17 Jul Australian Red Cross Blood Service donation ad with two men…
A social media post promoting a Red Cross blood donation campaign featuring two men in Christmas jumpers has been blasted by LGBT social media users who can’t give blood, but the service says it was not its intention to depict a same-sex couple.
- The ad depicts two men in Christmas jumpers and is intended to promote blood donation
- Some gay Facebook users say it appears to target them even though they cannot legally donate
- The Red Cross Blood Service has defended the post
The Facebook ad has attracted more than 200 comments, many of which questioned the post’s imagery at a time when gay men were still excluded from donating blood.
The ad — intended to boost blood donation during winter — was posted on Monday morning and shows two men who are former Red Cross employees.
“Whether or not you’re celebrating Christmas in July, you can give a lifesaving gift any time, because the need for blood doesn’t take a break,” the promotional post stated.
However, some LGBT community members have interpreted the image as a same-sex couple.
“It seems pretty clearly targeted towards gay people, or at least it could be read as two gay men,” said Facebook user and former blood donor Xavier O’Shannessy.
“To be targeting people that you also actively exclude on really outdated scientific data is really unacceptable.”
Homosexual men were banned from donating blood in Australia following the HIV and AIDS crisis that shook the world in the 1980s.
Today, men must wait one year after having sex with another man — including oral sex and anal intercourse with or without a condom — to be eligible to donate.
The blood service said the 12-month deferral period was gradually introduced, starting with South Australia in 1996 and ending with New South Wales in 2000.
Australia’s Therapeutic Goods Administration (TGA) has previously knocked back a move by the Red Cross to cut the deferral period to six months, following a 2012 review of the rule.
Mr O’Shannessy said the ad was an insensitive reminder of that policy.
“It’s just a reminder that my blood is somehow dirty to them … the reason why I say it’s homophobic is because it’s assumed my identity is the risk, not my behaviour,” he said.
Post could have been blocked from feeds
Another user, Andy Jones, said he did not think the post should be altered or deleted — but suggested it should have been blocked from appearing in the Facebook feeds of gay men.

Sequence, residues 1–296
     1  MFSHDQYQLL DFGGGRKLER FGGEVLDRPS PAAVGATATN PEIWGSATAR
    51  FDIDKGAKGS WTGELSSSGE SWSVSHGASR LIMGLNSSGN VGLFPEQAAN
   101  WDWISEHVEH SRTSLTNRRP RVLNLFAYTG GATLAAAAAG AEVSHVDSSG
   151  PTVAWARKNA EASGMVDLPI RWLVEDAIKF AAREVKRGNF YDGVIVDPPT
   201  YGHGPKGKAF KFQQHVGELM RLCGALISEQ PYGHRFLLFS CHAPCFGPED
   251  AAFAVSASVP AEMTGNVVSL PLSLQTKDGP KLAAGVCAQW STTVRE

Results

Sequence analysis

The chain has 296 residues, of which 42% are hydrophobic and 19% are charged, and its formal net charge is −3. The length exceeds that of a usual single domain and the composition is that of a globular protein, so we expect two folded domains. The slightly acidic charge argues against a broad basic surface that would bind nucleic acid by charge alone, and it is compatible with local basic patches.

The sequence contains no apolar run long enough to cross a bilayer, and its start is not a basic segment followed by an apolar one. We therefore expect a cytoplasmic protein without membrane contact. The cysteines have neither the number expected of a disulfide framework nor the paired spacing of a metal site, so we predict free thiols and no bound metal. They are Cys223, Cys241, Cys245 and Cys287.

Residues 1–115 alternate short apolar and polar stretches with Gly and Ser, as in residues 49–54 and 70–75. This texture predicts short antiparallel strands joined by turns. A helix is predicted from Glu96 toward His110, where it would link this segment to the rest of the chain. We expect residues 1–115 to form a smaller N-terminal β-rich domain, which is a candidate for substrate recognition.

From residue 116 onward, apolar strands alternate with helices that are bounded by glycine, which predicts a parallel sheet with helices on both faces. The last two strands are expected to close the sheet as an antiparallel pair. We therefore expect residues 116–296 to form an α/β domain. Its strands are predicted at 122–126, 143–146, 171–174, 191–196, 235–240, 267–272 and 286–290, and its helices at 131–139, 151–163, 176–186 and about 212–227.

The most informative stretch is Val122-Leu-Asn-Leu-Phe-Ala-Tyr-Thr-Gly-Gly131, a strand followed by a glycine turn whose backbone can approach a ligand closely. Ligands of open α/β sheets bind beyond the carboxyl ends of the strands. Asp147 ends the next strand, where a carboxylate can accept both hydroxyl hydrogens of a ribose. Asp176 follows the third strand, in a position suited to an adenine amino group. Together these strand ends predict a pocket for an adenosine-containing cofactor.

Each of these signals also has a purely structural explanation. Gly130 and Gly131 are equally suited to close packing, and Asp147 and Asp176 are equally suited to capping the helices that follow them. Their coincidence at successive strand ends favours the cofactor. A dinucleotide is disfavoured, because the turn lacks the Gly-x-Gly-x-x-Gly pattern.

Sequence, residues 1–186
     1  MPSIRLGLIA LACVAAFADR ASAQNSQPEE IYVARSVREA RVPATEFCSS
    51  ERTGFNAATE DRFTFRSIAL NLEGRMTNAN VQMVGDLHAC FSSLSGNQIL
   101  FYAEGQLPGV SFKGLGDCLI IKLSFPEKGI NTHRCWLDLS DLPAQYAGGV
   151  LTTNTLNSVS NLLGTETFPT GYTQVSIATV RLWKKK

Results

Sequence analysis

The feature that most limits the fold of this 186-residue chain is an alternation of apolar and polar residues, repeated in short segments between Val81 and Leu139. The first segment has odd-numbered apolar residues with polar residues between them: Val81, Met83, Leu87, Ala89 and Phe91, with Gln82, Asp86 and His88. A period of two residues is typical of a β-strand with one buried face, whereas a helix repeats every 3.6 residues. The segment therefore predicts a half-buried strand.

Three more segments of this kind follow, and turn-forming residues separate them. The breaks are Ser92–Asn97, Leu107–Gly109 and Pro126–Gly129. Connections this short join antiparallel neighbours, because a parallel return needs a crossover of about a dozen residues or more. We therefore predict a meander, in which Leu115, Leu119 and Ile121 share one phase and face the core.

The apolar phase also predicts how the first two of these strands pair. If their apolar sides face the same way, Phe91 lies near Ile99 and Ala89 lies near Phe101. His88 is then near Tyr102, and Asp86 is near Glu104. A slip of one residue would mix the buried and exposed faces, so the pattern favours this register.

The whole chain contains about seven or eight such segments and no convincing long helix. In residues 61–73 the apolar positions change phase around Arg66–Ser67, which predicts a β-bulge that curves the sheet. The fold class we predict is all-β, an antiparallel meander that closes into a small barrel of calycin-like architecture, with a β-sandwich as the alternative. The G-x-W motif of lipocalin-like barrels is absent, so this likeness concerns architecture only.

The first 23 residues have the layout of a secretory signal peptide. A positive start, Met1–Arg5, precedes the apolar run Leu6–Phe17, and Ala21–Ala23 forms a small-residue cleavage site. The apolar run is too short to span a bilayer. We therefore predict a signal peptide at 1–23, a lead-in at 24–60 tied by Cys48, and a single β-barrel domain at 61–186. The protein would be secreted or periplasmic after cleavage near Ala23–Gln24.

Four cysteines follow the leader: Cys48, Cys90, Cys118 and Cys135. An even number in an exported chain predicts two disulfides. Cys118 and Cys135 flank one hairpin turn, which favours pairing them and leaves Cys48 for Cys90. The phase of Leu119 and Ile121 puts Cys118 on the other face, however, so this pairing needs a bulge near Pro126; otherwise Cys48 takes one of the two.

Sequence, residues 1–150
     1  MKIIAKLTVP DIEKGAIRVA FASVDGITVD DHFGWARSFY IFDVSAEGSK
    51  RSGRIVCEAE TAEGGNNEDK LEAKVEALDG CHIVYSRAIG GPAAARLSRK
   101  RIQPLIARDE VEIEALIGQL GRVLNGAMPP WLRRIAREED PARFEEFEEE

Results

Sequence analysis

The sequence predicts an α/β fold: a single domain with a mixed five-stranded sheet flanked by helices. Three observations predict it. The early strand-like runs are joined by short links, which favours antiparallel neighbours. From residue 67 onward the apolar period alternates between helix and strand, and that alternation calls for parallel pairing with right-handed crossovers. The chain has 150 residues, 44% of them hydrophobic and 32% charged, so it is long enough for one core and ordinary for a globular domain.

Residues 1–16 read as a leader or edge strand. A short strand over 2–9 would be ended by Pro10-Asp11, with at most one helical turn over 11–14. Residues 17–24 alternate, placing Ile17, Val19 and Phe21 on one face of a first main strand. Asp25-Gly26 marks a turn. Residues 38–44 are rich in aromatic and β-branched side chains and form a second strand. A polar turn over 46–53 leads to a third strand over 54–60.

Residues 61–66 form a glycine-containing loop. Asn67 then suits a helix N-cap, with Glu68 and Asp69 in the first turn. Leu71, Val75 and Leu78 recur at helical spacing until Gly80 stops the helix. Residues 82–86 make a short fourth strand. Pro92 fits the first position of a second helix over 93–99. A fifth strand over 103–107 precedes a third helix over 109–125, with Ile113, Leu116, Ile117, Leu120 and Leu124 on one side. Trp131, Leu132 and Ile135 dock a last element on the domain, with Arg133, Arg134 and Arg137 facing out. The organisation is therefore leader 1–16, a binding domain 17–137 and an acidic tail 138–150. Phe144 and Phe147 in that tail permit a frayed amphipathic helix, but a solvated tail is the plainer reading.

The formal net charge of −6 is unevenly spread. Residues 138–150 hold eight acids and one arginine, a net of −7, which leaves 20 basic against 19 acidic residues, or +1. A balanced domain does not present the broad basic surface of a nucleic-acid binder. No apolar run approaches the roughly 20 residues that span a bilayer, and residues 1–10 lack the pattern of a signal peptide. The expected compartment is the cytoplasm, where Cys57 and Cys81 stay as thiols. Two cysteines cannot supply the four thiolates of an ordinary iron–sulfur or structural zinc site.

“I understand why they need to get more blood,” he said.
“When I see it and they say they need blood and I can’t give blood, it makes me upset.
“I assume it’s a targeted ad and came up on my profile and find it a little upsetting.”
Marcus Willis, founder of social media agency Eight Clients, said Facebook made it possible to prevent users from seeing material they might regard as offensive or irrelevant.
He said companies often created exclusion lists based on a user’s online habits.
“If you’ve ever visited a URL or domain like the RSPCA or vegan groups … [you] would be excluded from an advertisement about horse racing,” he said.
“That could’ve been possible here as well.
“I don’t know if having a couple, who could be perceived as being a gay couple, is ever a good idea when promoting a campaign like this.”
The Red Cross Blood Service defended the post and said it “was sponsored to reach people in areas where the Blood Service has donor centres”.
“We understand people are frustrated with this blood donation rule and we are pleased to be reviewing it again,” a spokesperson said.
“We welcome and encourage open discussion on our Facebook page and the commentary on this post has been a mix of our usual eligibility questions and feedback, rather than about the image of two men, who are former employees.”
The spokesperson said the post would not be deleted.
“Deleting it would result in the loss of more than 200 valid comments and questions around our deferrals and eligibility criteria,” it said.
“The number of comments on the post is not unusual, and as always, we have been responding to people’s questions and comments.”